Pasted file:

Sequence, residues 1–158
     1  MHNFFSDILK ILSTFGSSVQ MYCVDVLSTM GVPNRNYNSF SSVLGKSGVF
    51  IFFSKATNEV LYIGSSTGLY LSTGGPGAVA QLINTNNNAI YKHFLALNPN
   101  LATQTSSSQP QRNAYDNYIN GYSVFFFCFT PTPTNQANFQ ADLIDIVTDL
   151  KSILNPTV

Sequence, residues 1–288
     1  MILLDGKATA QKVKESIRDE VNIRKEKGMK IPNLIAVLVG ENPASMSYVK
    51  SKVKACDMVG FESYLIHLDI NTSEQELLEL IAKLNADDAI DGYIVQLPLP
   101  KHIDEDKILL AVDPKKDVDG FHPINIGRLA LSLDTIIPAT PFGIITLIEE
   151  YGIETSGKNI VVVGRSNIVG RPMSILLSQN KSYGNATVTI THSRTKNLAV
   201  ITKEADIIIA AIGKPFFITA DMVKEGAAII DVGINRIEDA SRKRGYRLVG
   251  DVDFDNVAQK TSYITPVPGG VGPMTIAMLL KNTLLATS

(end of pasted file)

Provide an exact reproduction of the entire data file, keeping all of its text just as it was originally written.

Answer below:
Sequence, residues 1–158
     1  MHNFFSDILK ILSTFGSSVQ MYCVDVLSTM GVPNRNYNSF SSVLGKSGVF
    51  IFFSKATNEV LYIGSSTGLY LSTGGPGAVA QLINTNNNAI YKHFLALNPN
   101  LATQTSSSQP QRNAYDNYIN GYSVFFFCFT PTPTNQANFQ ADLIDIVTDL
   151  KSILNPTV

Sequence, residues 1–288
     1  MILLDGKATA QKVKESIRDE VNIRKEKGMK IPNLIAVLVG ENPASMSYVK
    51  SKVKACDMVG FESYLIHLDI NTSEQELLEL IAKLNADDAI DGYIVQLPLP
   101  KHIDEDKILL AVDPKKDVDG FHPINIGRLA LSLDTIIPAT PFGIITLIEE
   151  YGIETSGKNI VVVGRSNIVG RPMSILLSQN KSYGNATVTI THSRTKNLAV
   201  ITKEADIIIA AIGKPFFITA DMVKEGAAII DVGINRIEDA SRKRGYRLVG
   251  DVDFDNVAQK TSYITPVPGG VGPMTIAMLL KNTLLATS